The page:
Music theory. Scales and Accidentals

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5. Scales and Accidentals

Scales are a set of sounds ordered by their pitches. The pitch of a sound is just one part of how we perceive the note in a piece of music. Each sound that we hear has a specific volume, color (timbre), and pitch. Even people with little or no experience in music can easily tell the whirr of a motor (a low sound) from the whining of a mosquito (a high sound), or a man’s low pitched voice from a child’s higher sounding voice and so on.

The whole range of pitches that can be used in music can be represented in the piano keyboard.

Music theory. Scales and Accidentals

One can immediately notice that a piano keyboard is composed of a few identical pieces, each having twelve keys, of which seven are white and five are black.

Music theory. Scales and Accidentals

Such a segment is referred as an octave. As you see in the Figure, the white keys and corresponding sounds have their own names, while the black keys have none. The first black key in the Figure is between C and D, therefore it is one step above C or one step below D, or in musical notation C-sharp or D-flat. These half steps are referred to as semitones. Sharps and flats have special signs, which are called accidentals.

Music theory. Scales and Accidentals

a sharp denotes that a note has been raised by a semitone;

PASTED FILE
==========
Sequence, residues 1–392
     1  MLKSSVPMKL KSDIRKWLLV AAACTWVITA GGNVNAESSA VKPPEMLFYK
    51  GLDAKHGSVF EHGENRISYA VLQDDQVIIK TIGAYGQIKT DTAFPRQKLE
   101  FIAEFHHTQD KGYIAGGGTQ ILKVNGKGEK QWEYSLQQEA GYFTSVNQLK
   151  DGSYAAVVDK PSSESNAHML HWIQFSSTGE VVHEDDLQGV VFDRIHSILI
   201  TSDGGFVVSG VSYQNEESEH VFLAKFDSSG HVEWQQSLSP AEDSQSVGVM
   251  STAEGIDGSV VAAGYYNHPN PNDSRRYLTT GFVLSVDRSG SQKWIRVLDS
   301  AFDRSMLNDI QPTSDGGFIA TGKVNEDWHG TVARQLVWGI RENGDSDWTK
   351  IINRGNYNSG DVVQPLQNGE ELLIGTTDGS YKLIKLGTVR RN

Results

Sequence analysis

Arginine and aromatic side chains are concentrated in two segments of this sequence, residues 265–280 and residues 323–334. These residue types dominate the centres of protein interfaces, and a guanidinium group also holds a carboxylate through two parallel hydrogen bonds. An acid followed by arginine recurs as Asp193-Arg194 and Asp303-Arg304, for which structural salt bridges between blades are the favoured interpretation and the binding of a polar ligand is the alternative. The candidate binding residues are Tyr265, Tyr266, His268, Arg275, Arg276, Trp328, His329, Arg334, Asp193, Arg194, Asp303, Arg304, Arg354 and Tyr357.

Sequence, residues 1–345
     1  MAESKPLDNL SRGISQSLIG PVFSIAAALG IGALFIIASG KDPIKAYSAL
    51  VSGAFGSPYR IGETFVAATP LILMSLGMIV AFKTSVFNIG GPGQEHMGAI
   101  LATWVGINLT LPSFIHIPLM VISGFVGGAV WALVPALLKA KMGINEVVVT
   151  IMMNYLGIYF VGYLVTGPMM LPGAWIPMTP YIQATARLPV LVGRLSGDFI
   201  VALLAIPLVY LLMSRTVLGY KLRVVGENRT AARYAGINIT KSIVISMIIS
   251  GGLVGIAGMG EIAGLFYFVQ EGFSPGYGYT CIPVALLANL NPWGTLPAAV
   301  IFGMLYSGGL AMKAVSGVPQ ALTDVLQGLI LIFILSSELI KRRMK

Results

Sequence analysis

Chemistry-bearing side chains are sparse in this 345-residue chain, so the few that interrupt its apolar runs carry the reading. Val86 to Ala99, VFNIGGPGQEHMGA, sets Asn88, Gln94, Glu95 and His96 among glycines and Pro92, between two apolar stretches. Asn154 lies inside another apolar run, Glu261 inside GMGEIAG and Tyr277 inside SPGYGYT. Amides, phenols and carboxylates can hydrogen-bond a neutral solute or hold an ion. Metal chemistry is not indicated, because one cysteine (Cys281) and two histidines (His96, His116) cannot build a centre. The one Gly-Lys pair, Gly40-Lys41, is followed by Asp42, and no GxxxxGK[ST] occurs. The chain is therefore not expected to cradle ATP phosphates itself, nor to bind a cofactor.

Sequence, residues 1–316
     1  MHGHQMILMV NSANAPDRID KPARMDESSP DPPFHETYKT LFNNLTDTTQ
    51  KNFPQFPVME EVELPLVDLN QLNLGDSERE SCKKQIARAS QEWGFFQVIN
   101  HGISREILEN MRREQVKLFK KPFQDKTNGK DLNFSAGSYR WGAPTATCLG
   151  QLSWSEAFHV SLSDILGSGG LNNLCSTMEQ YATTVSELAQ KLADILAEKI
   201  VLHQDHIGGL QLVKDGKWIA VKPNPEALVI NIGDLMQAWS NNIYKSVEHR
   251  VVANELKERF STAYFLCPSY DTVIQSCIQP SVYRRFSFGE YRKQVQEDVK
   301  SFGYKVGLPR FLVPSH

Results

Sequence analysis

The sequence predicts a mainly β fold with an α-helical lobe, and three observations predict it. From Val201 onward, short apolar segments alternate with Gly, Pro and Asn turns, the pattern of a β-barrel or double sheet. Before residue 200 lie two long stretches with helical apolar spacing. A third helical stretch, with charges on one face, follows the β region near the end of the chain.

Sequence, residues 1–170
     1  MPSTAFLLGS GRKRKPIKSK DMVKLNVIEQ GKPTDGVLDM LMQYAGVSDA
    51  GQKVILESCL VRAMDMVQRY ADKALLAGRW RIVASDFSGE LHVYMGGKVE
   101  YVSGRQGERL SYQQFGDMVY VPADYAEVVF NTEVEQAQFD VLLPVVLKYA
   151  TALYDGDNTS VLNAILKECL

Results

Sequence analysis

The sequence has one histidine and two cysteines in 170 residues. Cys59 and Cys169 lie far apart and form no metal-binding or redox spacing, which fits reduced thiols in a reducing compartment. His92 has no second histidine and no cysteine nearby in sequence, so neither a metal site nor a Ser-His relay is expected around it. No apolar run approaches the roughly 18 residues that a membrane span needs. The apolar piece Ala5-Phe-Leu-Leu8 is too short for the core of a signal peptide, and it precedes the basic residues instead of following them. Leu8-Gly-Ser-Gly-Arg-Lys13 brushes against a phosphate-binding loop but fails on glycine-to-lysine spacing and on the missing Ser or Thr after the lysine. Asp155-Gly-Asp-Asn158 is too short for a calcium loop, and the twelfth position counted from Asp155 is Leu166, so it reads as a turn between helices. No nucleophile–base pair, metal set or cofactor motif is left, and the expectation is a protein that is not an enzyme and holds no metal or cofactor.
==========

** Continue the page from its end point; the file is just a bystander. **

a flat denotes that a note has been lowered by a semitone;

a natural cancels the other accidentals.

Sharps and flats can be of two types:

a) They can be found in the key signature of the music. This is written after the clef sign and specifies which notes in any octave should be raised or lowered until the end of the composition or its fragment.

b) Accidentals are written immediately before the note whose pitch is to be altered; accidentals are only valid within the measure that it appears.

Two semitones (also known as half-steps) equal one whole-step. Therefore, the interval between C and C-sharp is one half-step, the interval between C-sharp and D is also one half-step, but the interval between C and D is one whole-step.

An octave equals 12 half-steps or 6 whole-steps.

Octaves:

Music theory. Scales and Accidentals

The names of the sounds in different octaves are identical, therefore it is not only important to remember the musical alphabet (see above), but also the octave names and their locations in the staff.

Music theory. Scales and Accidentals

Tasks for Section 5.

1. Name the notes and their octaves and find them on the fretboard

a) for the guitar

Music theory. Scales and Accidentals

b) for the bass-guitar

Music theory. Scales and Accidentals

2. Analyze the melodies and play them on the guitar

Music theory. Scales and Accidentals

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